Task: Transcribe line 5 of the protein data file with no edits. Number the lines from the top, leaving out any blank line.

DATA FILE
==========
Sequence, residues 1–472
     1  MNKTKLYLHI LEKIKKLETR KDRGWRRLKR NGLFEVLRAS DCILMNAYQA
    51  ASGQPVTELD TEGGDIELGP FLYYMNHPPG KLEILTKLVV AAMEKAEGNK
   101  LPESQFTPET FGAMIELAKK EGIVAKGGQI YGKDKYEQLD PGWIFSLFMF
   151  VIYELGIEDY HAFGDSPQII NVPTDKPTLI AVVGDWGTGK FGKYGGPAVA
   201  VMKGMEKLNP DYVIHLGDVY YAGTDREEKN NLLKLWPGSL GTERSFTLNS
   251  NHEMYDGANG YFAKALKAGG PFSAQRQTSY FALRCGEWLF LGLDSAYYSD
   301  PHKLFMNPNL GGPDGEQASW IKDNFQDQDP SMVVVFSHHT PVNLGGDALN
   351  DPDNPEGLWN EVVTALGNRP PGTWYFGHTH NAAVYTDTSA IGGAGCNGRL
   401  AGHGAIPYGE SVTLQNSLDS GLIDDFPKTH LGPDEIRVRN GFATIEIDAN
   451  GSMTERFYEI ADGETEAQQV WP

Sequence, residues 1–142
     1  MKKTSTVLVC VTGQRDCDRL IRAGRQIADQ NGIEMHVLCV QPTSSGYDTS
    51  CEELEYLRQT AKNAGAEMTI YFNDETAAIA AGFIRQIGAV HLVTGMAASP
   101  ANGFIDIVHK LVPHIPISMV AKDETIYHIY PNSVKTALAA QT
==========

   151  VIYELGIEDY HAFGDSPQII NVPTDKPTLI AVVGDWGTGK FGKYGGPAVA